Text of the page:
Giant balloons once again wafted through miles of Manhattan, wrangled by costumed handlers. High school and college marching bands from around the country were back, and so were the crowds at the Macy’s Thanksgiving Day Parade.
Specially this year, a K-POP group ‘Aespa’ from Korea attended this parade.
After being crimped by the coronavirus pandemic last year, the holiday tradition returned in full Thursday, though with precautions.
“It really made Thanksgiving feel very festive and full of life,” Sierra Guardiola, a 23-year-old interior design firm assistant, said after watching the spectacle in a turkey-shaped hat.
Thousands of marchers, hundreds of clowns, dozens of balloons and floats — and, of course, Santa Claus — marked the latest U.S. holiday event to make a comeback as vaccines, familiarity and sheer frustration made officials and some of the public more comfortable with big gatherings amid the ongoing pandemic.
To President Joe Biden, the parade’s full-fledged return was a sign of renewal, and he called NBC broadcaster Al Roker on-air to say so.
“After two years, we’re back. America is back. There’s nothing we’re unable to overcome,” Biden said over the phone from Nantucket, Massachusetts, where he was watching the broadcast with his family.
Still, safety measures continued. Parade staffers and volunteers had to be vaccinated against COVID-19 and wear masks, though some singers and performers were allowed to shed them. There was no inoculation requirement for spectators, but Macy’s and the city encouraged them to cover their faces.
Last Thanksgiving, with no vaccines available and the virus beginning a winter surge in the nation’s biggest city, the parade was confined to one block and sometimes pre-taped. Most performers were locally based, to cut down on travel, and the giant balloons were tethered to vehicles instead of being handled by volunteers. No spectators were allowed.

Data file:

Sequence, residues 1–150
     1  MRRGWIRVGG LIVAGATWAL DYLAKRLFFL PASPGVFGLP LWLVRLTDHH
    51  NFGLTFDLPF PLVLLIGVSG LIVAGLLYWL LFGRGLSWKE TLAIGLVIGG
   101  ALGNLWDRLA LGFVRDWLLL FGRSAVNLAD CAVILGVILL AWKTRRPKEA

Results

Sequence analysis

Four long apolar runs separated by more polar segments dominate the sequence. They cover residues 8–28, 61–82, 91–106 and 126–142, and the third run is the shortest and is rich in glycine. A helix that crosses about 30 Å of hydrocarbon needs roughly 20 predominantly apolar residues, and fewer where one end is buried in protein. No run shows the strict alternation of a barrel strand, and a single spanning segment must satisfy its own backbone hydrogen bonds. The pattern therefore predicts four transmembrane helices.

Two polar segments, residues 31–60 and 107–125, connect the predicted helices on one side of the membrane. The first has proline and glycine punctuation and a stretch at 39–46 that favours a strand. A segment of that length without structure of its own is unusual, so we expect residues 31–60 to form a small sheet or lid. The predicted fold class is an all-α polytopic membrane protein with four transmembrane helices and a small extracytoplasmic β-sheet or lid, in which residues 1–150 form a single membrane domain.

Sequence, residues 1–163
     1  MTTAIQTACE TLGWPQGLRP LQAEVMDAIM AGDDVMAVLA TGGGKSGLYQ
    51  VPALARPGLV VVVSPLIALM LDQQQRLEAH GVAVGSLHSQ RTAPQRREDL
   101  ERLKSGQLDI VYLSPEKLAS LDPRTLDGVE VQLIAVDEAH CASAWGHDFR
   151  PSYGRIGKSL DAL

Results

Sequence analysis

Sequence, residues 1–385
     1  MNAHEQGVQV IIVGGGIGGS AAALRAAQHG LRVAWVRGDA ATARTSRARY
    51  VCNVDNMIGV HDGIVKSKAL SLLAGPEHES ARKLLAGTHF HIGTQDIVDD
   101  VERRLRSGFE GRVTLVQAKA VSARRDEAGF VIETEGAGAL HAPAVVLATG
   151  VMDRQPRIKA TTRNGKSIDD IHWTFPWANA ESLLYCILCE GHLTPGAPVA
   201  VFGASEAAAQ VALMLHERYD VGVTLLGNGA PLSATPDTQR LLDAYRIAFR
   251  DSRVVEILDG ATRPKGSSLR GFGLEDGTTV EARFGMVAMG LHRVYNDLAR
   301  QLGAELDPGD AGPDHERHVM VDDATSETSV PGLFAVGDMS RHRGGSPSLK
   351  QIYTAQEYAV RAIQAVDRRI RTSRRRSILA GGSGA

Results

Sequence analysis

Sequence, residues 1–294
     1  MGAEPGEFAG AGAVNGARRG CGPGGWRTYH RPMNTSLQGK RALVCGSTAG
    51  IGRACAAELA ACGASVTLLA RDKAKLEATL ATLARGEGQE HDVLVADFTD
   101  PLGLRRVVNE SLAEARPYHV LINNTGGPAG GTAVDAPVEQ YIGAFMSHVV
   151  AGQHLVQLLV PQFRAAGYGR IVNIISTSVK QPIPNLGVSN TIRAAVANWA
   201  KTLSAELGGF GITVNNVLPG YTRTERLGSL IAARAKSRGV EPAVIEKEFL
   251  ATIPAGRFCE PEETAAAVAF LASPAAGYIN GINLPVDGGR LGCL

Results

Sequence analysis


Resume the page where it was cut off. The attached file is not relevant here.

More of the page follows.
The event came days after an SUV driver plowed through a Christmas parade in suburban Milwaukee, killing six people and injuring over 60. Authorities said the driver, who has been charged with intentional homicide, was speeding away from police after a domestic dispute.
Mayor Bill de Blasio said Wednesday there was no credible, specific threat to the Thanksgiving parade, but security was extensive, as usual. It involved thousands of police officers, as well as sand-filled garbage trucks and concrete barriers blocking cars from the parade route, bomb-detecting dogs, heavy-weapons teams, radiation and chemical sensors and over 300 extra cameras.
Inside the barricades, new balloon giants joined the lineup, including the title character from the Netflix series “Ada Twist, Scientist”; the Pokémon characters Pikachu and Eevee on a sled (Pikachu has appeared before, in different form), and Grogu, aka “Baby Yoda,” from the television show “The Mandalorian.”
New floats came from entities ranging from condiment maker Heinz to NBCUniversal’s Peacock streaming service to the Louisiana Office of Tourism.
Entertainers and celebrities included Carrie Underwood, Jon Batiste, Nelly, Kelly Rowland, Miss America Camille Schrier, the band Foreigner, and many others. Several Broadway musical casts and the Radio City Rockettes also performed.
-ANT NEWS 24, AP-